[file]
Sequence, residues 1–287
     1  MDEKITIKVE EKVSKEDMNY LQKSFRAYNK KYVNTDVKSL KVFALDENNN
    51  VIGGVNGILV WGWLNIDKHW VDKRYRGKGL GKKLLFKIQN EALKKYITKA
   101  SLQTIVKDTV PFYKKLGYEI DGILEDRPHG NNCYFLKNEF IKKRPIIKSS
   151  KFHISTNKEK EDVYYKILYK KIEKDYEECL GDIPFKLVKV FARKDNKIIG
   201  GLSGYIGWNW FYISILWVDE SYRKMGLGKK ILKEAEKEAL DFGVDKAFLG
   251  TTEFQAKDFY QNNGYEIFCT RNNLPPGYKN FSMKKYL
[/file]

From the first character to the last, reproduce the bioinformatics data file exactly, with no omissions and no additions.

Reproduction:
Sequence, residues 1–287
     1  MDEKITIKVE EKVSKEDMNY LQKSFRAYNK KYVNTDVKSL KVFALDENNN
    51  VIGGVNGILV WGWLNIDKHW VDKRYRGKGL GKKLLFKIQN EALKKYITKA
   101  SLQTIVKDTV PFYKKLGYEI DGILEDRPHG NNCYFLKNEF IKKRPIIKSS
   151  KFHISTNKEK EDVYYKILYK KIEKDYEECL GDIPFKLVKV FARKDNKIIG
   201  GLSGYIGWNW FYISILWVDE SYRKMGLGKK ILKEAEKEAL DFGVDKAFLG
   251  TTEFQAKDFY QNNGYEIFCT RNNLPPGYKN FSMKKYL